Evolving customer journey perspectives

The notion of a funnel in which consumers are moved from a broad opening that gradually narrows to a spout representing conversion is both ubiquitous and contentious in our industry. Some marketers believe that it’s greatly oversimplified, symbolizing a CliffsNotes®-level understanding of how purchasing decisions are made. It can sometimes seem to get in the way of true customer understanding, the ability to personalize messaging to address specific customer needs and everything else skilled marketers set out to achieve.

Given the proliferation of consumer touchpoints in the last 15 years, which show no signs of easing up, it would be hard to argue that a straight path to purchase still exists—and it probably never did. The main question to ask ourselves is:

Do we really need an anthropological view of consumer behavior (down to the keystroke) to be effective marketers?

I’d contend that the answer is no.

Recognizing the value of the funnel

At the very least, the marketing funnel is an organizing principle for resources, data and investment dollars; at best, it’s a business management process, allowing teams to focus on delivering excellence for the activities and services of their assigned areas. But let’s be honest, it was never meant to be a true reflection of consumer behavior.

In reality, the vast majority of customer journeys only exist on paper, and what appears to be a simple scenario becomes murky once you start to unpack behavioral attributes that cause purchasing behavior to diverge in several directions.

It’s also important to remember that we’re often relying on tiny samples of data to construct customer journeys, so it’s usually not a very statistically rigorous process.

Let’s say your key target is gamers, which may seem straightforward, but this audience is far from monolithic. You have young Millennial gamers, Gen Z gamers, dad gamers and many other cohorts, and their respective paths to purchase vary substantially. For a 22-year-old gamer, cost might be a primary consideration, whereas the dad gamer might be much more concerned about how their gaming system fits in their household’s overall technology package.

Only a small percentage of the overall gamer audience is going to convert in the prescribed number of steps laid out in a marketing plan.

Focus less on the “messy middle”

The industry’s devotion to the idea of a funnel has also made us obsessed with the consideration stage or “messy middle”—where customers and prospects are theoretically being primed to buy or convert. The problem is that consumers are a lot more inscrutable than our methods account for. A click can be accidental, and a video view can mean that someone abruptly stopped scrolling through their social feed to do something else.

On top of this, consumers tend to be making decisions faster than they did 10 or even five years ago. Formerly “considered” purchases with a longer sales cycle, such as cellphones, now happen more quickly. This is due in part to consumer technology being more accessible at lower price points but also to how digital and mobile tools have accelerated the shopping and decision-making process.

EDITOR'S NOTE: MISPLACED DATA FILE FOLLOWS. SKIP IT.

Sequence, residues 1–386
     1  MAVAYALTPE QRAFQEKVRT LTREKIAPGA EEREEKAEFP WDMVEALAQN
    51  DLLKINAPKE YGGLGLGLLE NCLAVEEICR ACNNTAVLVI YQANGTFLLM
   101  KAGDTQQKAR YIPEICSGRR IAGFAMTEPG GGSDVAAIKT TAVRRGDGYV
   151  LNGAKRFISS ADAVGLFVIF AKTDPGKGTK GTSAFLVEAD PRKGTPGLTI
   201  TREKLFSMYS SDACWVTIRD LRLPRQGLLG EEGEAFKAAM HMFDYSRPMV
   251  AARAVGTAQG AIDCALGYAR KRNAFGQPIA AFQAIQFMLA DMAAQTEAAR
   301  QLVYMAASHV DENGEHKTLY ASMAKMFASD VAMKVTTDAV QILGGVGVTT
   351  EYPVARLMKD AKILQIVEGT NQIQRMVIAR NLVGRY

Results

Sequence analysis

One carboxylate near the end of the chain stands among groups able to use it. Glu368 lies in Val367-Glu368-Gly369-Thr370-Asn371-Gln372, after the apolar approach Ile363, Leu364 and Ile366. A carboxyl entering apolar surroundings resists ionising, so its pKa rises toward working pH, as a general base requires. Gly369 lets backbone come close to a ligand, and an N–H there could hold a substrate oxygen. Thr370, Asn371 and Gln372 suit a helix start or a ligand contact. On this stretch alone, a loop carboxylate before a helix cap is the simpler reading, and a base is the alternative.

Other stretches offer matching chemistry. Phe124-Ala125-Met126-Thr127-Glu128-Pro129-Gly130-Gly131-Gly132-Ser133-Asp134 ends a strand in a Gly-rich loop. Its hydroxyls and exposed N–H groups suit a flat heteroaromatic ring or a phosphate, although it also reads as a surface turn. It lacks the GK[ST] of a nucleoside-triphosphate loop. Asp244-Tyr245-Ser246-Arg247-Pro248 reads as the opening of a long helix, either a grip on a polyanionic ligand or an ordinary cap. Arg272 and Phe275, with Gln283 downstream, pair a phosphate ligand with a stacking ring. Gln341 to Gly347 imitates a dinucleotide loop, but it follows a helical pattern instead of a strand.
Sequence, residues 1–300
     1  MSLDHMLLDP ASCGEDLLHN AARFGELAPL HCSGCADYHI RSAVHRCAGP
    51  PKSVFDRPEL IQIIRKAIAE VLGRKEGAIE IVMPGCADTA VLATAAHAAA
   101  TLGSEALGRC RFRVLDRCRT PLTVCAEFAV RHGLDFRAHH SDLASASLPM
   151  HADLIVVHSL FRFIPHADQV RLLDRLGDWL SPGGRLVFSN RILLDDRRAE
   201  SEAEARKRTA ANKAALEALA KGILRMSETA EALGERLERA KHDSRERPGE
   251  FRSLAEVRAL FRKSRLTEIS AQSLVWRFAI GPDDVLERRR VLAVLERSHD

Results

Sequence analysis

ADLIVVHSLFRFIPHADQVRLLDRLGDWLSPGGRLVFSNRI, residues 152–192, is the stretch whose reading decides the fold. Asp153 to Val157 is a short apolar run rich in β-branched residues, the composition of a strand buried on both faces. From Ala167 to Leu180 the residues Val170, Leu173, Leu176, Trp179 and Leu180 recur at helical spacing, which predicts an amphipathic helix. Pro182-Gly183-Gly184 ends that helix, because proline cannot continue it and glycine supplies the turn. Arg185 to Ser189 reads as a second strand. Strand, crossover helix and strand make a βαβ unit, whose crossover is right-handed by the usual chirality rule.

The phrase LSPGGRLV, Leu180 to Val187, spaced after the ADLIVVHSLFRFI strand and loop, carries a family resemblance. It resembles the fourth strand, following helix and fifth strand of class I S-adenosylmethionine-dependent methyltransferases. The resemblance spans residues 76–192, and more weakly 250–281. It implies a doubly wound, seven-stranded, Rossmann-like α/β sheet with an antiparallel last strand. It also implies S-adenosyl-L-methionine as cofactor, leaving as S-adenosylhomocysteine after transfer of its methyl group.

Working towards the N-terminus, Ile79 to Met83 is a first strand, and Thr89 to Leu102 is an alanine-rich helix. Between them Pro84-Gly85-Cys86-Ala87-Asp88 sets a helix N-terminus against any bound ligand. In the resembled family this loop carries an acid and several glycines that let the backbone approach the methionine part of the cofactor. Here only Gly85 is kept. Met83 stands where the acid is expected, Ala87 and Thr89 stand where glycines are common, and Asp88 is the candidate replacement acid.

If we don’t keep evolving our perspective, we can end up over-engineering and over-measuring the middle in an effort to show that media is effective.

This leads to making tenuous connections between actions like watching a certain type of video and a higher propensity to convert. Instead of wasting time and staff hours on these legacy methods, the industry should be experimenting with AI-driven approaches like pattern mining for targeting and measurement, which have the potential to be more accurate.

Marketers embraced the funnel as shorthand for human behavior because it’s neat, convenient and easy to understand, and it’s also simple to use as an organizing principle to activate a campaign.

But consumer behavior is far too complex to be codified at scale; there are simply too many possible scenarios within the expanding web of paid and owned touchpoints, and it’s easy to hit a wall of diminishing returns when you over-analyze. We can end up in a state of analysis paralysis and miss our real objective, which is to connect consumers with our products and generate value—for both the brand and consumer.

Dissecting the messy middle should never take priority over driving or delivering growth.

What’s next?

We need to start speaking about the funnel differently to clarify that it represents a business management process, not a literal path to purchase. This will help keep brands and agencies on the same page and stop us from getting lost in the weeds of the consideration stage.

We don’t have to care so much about which specific path our customers traveled to make their decision; it only matters that they got there—and that our tactics will influence other people to do the same.